Harry prepared for married life after military career, former army chief says
A military career may have helped prepare Prince Harry for married life, according to a former army chief.
General the Lord Dannatt, the British Army's former Chief of General Staff Army, notes that Harry, in contrast to his previous image of being a "playboy prince", is probably now a more organised person and joked "he certainly knows how to press a shirt if he puts his mind to it".
He told Forces TV: "I think the military has done a lot to help him grow up and that's made him a more mature person, which actually I think will make him a much rounder partner in the marriage that he's about to undertake."
His friend Dave Henson, a retired Army captain and Paralympic bronze 200m medallist, believes Harry will one day make a good father.
"I think he's like any other service man or woman, we are all big kids really and actually I think the joy of having kids is that you get to be a big kid again, and I think he'll love doing it," he told Forces TV.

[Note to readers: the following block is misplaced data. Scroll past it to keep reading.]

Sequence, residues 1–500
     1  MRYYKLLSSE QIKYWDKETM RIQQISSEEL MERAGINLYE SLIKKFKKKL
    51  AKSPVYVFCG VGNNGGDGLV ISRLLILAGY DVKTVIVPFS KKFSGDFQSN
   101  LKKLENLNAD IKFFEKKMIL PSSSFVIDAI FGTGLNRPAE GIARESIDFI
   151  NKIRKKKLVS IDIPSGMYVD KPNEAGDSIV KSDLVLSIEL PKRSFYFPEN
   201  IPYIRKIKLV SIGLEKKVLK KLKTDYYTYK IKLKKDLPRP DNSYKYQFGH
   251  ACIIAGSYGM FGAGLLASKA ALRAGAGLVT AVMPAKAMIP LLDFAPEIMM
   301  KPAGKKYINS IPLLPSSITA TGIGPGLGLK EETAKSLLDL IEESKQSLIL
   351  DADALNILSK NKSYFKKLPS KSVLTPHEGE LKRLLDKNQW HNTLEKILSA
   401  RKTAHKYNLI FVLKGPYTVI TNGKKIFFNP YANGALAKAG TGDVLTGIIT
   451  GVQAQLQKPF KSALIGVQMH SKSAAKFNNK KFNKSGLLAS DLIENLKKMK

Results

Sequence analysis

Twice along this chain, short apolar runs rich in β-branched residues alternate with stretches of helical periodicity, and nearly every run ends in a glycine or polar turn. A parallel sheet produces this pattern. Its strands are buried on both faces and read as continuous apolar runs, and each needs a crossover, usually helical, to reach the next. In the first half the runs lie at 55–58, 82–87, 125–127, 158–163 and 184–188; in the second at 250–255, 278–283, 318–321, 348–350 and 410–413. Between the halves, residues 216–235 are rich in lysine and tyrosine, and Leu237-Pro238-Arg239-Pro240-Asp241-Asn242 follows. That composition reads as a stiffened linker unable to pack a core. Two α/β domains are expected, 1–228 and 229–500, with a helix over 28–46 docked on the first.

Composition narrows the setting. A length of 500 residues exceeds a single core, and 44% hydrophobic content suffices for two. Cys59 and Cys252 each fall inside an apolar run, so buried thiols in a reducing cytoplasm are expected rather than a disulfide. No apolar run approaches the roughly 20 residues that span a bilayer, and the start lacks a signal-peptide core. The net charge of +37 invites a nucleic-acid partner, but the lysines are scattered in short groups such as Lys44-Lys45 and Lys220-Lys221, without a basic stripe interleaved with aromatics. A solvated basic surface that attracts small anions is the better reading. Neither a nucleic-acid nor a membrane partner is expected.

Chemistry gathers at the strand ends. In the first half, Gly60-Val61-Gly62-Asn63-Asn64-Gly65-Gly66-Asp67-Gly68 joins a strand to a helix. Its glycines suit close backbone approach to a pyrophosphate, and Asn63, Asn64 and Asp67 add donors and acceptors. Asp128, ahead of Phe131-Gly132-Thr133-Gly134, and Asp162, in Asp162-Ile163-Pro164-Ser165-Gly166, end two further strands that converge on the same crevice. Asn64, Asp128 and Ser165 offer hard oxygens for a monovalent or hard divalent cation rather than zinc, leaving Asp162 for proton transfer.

In a decade-long Army career which ended in 2015, Harry has had two frontline tours of duty in Afghanistan.
He was devastated in 2007 when plans for him to serve in Iraq fell through because of security threats.
Later that year, he achieved his dream of seeing frontline action, spending 10 weeks in Afghanistan as a forward air controller, co-ordinating air strikes on Taliban positions.
His tour was cut short when foreign websites broke a media blackout on reporting the details.
General the Lord Dannatt remembers Harry grappling with the balancing act of being both a prince and a young army officer.
In Tuesday's Harry and Meghan, Warrior Prince - a programme tracing Harry's move from junior officer to husband - General the Lord Dannatt said: "We discussed that day what other possibilities there might be for going back on operations and I said I really couldn't see us being able to replicate the media blackout that we had, and I thought that the only way he could possibly get back on operations was within the anonymity of a helicopter cockpit, so what about learning to fly?"
Harry retrained and qualified as an Apache helicopter pilot.
In September 2012 he made it back for a second tour of duty as an Apache co-pilot gunner.
His career took a different direction when it was announced he was to start a new Army staff officer role in London in 2014.